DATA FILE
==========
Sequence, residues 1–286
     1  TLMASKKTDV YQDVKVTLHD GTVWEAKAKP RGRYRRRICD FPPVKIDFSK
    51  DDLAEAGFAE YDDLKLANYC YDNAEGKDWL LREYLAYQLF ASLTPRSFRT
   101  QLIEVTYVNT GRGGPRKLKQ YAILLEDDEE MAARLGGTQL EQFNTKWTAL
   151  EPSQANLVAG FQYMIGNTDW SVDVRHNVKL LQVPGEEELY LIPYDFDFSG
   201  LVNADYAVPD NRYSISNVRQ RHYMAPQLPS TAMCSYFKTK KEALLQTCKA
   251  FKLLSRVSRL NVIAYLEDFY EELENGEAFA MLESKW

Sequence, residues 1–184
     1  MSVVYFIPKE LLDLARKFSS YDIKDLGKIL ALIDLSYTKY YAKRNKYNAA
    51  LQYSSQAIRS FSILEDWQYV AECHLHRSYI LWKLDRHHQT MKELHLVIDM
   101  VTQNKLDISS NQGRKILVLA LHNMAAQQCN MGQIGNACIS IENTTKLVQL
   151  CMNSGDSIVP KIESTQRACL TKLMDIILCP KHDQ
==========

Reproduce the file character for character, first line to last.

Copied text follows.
Sequence, residues 1–286
     1  TLMASKKTDV YQDVKVTLHD GTVWEAKAKP RGRYRRRICD FPPVKIDFSK
    51  DDLAEAGFAE YDDLKLANYC YDNAEGKDWL LREYLAYQLF ASLTPRSFRT
   101  QLIEVTYVNT GRGGPRKLKQ YAILLEDDEE MAARLGGTQL EQFNTKWTAL
   151  EPSQANLVAG FQYMIGNTDW SVDVRHNVKL LQVPGEEELY LIPYDFDFSG
   201  LVNADYAVPD NRYSISNVRQ RHYMAPQLPS TAMCSYFKTK KEALLQTCKA
   251  FKLLSRVSRL NVIAYLEDFY EELENGEAFA MLESKW

Sequence, residues 1–184
     1  MSVVYFIPKE LLDLARKFSS YDIKDLGKIL ALIDLSYTKY YAKRNKYNAA
    51  LQYSSQAIRS FSILEDWQYV AECHLHRSYI LWKLDRHHQT MKELHLVIDM
   101  VTQNKLDISS NQGRKILVLA LHNMAAQQCN MGQIGNACIS IENTTKLVQL
   151  CMNSGDSIVP KIESTQRACL TKLMDIILCP KHDQ